Since that decision, a number of friends and colleagues have expressed lament. Their students enjoyed the book, they say; stridency and brevity can be virtues in the classroom. Very recently two anthologies of documents and essays intended for use in college classrooms (Michael Perman, ed., Major Problems in the Civil War and Reconstruction and Paul D. Escott and David R. Goldfield, eds., Major Problems in the History of the American South ) have included chapters from The Confederacy as a Revolutionary Experience . That is two more volumes than ever included material from The Confederate Nation, 1861-1865 . So maybe there is reason to reprint a book twenty years old.
In addition, the expression what goes around comes around may have scholarly application. In 1988 Drew Gilpin Faust published her Walter Lynwood Fleming Lectures in Southern History as The Creation of Southern Nationalism . Among other things, she writes, There has been precious little in-depth examination of southern wartime ideology. She states, A detailed inquiry into the structure, substance, and process of Confederate nationalism is long overdue. Faust seems to have rediscovered the Confederate experience.
In 1971 I wrote, For four brief years Southerners took charge of their own destiny. In so doing they tested their institutions and sacred cows, found them wanting, and redefined them. In a sense the Confederacy was the crucible of Southernism. Perhaps it is time to express myself once more.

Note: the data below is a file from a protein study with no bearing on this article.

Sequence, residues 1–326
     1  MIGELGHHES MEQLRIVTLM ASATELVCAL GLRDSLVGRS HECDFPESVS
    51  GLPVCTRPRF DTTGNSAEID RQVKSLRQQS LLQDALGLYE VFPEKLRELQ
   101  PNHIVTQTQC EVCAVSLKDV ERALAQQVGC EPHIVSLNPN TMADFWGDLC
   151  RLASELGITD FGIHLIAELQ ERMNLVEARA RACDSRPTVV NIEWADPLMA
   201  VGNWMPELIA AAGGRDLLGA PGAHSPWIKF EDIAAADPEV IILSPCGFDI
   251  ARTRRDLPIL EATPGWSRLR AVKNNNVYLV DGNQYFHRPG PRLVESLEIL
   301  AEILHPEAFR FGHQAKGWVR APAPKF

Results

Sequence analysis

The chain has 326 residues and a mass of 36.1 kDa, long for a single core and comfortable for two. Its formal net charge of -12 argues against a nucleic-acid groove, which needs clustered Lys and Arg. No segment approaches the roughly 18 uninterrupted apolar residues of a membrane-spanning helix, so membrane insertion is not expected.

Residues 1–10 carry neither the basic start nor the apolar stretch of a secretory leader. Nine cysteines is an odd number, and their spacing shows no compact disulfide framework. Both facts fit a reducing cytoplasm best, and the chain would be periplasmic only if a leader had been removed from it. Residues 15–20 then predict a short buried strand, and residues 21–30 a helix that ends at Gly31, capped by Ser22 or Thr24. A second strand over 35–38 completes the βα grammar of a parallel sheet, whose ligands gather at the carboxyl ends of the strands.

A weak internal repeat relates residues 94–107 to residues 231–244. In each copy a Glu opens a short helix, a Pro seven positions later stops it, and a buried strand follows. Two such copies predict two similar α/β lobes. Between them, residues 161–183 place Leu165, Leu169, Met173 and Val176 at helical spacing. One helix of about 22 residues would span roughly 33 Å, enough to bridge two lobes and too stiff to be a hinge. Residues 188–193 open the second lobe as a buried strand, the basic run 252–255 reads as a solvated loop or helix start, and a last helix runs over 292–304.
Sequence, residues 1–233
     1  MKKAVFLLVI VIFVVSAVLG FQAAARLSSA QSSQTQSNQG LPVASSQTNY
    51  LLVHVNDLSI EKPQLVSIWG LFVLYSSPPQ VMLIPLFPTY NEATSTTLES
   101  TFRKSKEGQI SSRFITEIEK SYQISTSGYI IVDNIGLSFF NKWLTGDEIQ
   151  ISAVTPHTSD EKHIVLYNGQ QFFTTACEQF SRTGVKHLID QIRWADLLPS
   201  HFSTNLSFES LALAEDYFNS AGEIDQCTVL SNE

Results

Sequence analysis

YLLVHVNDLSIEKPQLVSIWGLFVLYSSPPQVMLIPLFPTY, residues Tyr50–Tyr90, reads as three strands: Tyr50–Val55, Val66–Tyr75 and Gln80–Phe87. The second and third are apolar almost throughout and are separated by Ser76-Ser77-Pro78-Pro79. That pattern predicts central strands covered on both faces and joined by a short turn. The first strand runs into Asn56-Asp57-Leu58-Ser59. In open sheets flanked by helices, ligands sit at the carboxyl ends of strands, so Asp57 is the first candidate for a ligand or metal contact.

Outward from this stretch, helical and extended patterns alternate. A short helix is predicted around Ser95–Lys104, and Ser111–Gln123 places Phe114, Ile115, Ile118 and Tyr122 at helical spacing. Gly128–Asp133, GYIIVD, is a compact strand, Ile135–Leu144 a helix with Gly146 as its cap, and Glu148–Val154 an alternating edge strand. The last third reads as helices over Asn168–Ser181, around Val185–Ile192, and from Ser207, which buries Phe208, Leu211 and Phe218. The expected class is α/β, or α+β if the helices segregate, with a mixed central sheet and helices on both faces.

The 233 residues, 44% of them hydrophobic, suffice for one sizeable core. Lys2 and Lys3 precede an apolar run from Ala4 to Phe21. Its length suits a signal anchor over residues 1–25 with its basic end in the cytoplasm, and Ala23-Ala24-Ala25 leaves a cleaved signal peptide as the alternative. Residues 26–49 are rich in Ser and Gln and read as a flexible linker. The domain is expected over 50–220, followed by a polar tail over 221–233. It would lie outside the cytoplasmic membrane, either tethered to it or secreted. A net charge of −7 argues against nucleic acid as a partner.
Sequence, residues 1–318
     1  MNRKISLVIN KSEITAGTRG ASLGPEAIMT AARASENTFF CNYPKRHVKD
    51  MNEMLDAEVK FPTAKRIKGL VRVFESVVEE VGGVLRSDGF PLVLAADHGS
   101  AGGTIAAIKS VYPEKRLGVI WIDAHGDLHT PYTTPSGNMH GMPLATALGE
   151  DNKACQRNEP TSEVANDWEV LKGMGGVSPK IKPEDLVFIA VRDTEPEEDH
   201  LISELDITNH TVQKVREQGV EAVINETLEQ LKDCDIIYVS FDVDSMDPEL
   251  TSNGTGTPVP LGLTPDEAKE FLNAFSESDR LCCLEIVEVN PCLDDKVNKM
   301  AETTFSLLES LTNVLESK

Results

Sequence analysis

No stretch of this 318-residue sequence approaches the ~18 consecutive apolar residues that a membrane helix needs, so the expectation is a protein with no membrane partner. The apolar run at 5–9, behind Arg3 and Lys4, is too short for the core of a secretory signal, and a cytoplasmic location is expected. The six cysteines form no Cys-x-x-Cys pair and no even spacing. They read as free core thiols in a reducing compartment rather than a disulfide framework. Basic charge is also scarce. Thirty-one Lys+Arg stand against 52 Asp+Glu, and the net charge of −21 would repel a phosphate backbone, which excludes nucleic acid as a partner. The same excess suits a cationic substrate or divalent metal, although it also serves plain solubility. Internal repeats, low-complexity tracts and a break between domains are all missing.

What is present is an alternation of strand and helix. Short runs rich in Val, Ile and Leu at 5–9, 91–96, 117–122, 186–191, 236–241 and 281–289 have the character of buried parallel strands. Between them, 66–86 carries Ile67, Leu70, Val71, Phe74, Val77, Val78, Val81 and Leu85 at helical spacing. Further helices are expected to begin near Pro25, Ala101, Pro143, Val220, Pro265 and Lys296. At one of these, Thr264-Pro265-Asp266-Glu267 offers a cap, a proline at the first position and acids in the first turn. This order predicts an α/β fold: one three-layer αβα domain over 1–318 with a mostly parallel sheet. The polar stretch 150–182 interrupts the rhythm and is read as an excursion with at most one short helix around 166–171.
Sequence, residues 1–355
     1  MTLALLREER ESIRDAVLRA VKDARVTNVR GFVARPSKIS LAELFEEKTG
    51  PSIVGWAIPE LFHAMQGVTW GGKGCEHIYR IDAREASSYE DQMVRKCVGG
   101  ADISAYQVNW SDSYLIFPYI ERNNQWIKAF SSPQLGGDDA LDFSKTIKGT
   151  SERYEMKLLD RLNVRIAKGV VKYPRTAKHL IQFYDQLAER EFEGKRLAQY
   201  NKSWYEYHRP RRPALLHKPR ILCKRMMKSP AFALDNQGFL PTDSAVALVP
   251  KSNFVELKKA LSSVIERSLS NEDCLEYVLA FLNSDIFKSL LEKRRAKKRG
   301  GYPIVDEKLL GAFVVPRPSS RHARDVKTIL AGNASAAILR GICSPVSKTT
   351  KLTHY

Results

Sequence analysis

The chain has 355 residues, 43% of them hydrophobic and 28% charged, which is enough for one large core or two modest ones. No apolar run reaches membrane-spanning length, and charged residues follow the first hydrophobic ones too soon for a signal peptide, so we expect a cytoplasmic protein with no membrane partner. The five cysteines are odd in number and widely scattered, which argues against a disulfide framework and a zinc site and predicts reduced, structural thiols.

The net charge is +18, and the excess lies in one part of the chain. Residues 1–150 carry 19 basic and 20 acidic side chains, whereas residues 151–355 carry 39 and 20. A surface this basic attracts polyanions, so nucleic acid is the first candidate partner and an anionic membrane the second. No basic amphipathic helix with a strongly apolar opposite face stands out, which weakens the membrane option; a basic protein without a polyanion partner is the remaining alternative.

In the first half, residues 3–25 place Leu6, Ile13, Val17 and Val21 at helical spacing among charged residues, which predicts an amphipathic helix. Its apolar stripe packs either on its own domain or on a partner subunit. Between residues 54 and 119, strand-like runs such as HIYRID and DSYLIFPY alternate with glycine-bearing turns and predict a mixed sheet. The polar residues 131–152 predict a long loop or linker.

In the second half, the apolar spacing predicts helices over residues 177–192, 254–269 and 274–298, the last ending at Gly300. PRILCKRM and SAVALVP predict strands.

Fortunately much of the literature of the last twenty years which touches topics treated in The Confederacy as a Revolutionary Experience is quite exciting. About the nature of the Confederate experience, I must mention my own study The Confederate Nation, 1861-1865 (New York: Harper Row, 1979) and offer its bibliography as a guide to books published before 1979. Very important is Paul D. Escott, After Secession: Jefferson Davis and the Failure of Confederate Nationalism (Baton Rouge: Louisiana State University Press, 1978) which asks many of the same questions I ask, but posits very different answers. Harry P. Owens and James J. Cooke, eds., The Old South in the Crucible of Civil War (Jackson: University Press of Mississippi, 1983) is the published result of the University of Mississippi Chancellor s Symposium in 1981. Essays by Paul D. Escott, Lawrence N. Powell and Michael S. Wayne, Leon F. Litwack, Michael Barton, Thomas B. Alexander, and myself address the question: What happened to the Old South in the crucible of Civil War? Some of these themes appear in Richard E. Beringer, Hermann Hattaway, Archer Jones, and William N. Still, Jr., Why the South Lost the Civil War (Athens: University of Georgia Press, 1986), in which the authors argue, among other things, that Southerners may have subliminally wished defeat upon themselves. This idea is an extension of Kenneth M. St